Vitamin A – Vitamin A plays a critical role in healthy vision, growth and development, and immune function. Vitamin A deficiency is common in developing countries and is often accompanied by zinc deficiency. Symptoms of deficiency include blindness, diminished ability to fight infections, decreased growth rate, and slow bone development. Vitamin A helps mobilize iron from its storage sites, so a deficiency of vitamin A limits the body’s ability to use stored iron. This results in an “apparent” iron deficiency because iron levels in the blood are low even though body stores are normal.
Vitamin E – Vitamin E is one of several antioxidants needed to protect cells from damaging free radicals.
Zinc – Zinc is involved in many important processes in the body. Symptoms of zinc deficiency include delayed growth, loss of appetite, impaired immune function, hair loss, diarrhea, delayed sexual maturation, eye and skin lesions, delayed wound healing, taste abnormalities, and mental fatigue.
Milk/Milk products – sweetened condensed milk, whipping cream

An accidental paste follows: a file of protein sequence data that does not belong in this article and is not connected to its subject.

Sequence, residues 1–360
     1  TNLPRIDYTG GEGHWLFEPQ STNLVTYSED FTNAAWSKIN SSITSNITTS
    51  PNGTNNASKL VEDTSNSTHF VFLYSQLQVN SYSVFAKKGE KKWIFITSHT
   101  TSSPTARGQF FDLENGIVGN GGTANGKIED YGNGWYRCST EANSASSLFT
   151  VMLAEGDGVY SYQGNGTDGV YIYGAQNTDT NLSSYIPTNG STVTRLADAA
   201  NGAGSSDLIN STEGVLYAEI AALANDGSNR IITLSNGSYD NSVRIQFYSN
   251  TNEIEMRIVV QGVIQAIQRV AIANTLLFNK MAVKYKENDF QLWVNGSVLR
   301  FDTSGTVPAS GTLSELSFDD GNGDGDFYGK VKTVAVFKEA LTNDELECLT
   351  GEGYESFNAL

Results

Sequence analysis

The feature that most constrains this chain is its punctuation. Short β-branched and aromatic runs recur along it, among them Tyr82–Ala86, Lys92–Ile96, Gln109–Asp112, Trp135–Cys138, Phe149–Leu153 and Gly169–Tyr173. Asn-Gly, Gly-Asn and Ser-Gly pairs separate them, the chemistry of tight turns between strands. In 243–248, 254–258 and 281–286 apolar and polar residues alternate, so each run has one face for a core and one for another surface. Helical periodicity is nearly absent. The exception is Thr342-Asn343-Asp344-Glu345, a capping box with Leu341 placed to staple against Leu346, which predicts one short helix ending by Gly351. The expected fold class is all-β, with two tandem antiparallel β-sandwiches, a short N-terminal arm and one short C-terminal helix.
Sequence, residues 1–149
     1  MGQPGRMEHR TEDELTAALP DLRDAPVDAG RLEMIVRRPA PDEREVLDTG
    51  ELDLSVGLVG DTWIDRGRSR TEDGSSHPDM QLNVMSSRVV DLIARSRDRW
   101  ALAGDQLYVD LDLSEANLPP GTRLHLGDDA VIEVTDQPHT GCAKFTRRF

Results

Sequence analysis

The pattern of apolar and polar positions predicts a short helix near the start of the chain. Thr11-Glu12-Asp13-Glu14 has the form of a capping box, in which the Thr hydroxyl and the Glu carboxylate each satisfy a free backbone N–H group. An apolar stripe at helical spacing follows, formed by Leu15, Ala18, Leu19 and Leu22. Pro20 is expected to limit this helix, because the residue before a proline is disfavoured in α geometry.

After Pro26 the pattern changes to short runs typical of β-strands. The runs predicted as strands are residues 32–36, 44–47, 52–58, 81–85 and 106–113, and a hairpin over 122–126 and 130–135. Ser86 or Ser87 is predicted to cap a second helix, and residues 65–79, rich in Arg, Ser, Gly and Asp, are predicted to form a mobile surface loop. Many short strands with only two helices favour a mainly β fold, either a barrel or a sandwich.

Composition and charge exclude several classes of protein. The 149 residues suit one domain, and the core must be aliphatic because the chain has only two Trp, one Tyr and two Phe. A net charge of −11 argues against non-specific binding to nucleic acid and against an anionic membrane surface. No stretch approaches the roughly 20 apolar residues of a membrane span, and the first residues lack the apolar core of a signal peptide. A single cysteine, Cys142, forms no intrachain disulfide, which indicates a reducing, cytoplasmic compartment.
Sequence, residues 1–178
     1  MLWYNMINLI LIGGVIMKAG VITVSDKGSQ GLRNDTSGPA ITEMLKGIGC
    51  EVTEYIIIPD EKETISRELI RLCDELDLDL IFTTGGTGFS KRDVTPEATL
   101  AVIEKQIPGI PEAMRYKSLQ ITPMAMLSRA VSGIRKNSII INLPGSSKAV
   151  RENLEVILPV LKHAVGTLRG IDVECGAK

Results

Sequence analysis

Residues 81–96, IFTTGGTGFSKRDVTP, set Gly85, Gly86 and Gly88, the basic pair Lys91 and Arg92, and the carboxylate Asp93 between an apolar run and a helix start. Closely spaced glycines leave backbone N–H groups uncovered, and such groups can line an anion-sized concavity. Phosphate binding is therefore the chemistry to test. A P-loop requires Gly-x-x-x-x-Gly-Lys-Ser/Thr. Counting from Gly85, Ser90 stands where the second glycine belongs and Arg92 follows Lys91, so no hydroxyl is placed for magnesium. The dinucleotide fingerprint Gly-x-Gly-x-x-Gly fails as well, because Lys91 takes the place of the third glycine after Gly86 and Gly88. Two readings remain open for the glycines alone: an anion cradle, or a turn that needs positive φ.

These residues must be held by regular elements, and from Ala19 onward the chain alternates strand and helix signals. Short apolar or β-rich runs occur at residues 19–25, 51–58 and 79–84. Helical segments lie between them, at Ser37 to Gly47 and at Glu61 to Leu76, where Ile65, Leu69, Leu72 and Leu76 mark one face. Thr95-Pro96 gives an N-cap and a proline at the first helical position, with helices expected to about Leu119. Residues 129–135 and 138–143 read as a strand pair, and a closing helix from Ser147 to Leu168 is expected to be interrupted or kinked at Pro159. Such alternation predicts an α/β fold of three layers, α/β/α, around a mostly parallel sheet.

Meat/Poultry/Fish – beef, lamb, pork, goat, venison, variety meats, chicken, duck, quail, pigeon, sparrow, doves, almost all varieties of fresh and saltwater seafood
Eggs/Legumes – chicken eggs, duck eggs, fish eggs, chickpeas, lentils, mung beans, soybeans, winged beans
Cereals/Grains – rice (long and short grain, sticks, noodles), wheat (French bread, cakes, pastries)
Fruits – apples, banana, cantaloupe, coconut, custard apple, dates, durian, figs, grapefruit, guava, jackfruit, jujube, lemon, lime, litchi, longans, mandarin orange, mango, orange, papaya, peach, pear, persimmon, pineapple, plum, pomegranates, pomelo, raisins, rambutan, roselle, sapodilla, star fruit, soursop, strawberries, tamarind, watermelon